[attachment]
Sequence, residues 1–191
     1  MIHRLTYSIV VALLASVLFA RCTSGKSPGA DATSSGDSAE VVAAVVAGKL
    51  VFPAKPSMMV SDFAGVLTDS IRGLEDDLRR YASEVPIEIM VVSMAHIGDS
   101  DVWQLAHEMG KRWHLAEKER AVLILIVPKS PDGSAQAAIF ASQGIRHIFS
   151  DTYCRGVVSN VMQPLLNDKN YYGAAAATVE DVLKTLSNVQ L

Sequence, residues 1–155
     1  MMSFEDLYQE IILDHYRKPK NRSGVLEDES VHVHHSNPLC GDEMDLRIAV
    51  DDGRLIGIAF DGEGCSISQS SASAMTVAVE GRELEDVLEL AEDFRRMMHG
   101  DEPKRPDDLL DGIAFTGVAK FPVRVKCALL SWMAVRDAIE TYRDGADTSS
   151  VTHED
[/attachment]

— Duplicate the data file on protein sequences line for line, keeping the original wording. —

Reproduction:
Sequence, residues 1–191
     1  MIHRLTYSIV VALLASVLFA RCTSGKSPGA DATSSGDSAE VVAAVVAGKL
    51  VFPAKPSMMV SDFAGVLTDS IRGLEDDLRR YASEVPIEIM VVSMAHIGDS
   101  DVWQLAHEMG KRWHLAEKER AVLILIVPKS PDGSAQAAIF ASQGIRHIFS
   151  DTYCRGVVSN VMQPLLNDKN YYGAAAATVE DVLKTLSNVQ L

Sequence, residues 1–155
     1  MMSFEDLYQE IILDHYRKPK NRSGVLEDES VHVHHSNPLC GDEMDLRIAV
    51  DDGRLIGIAF DGEGCSISQS SASAMTVAVE GRELEDVLEL AEDFRRMMHG
   101  DEPKRPDDLL DGIAFTGVAK FPVRVKCALL SWMAVRDAIE TYRDGADTSS
   151  VTHED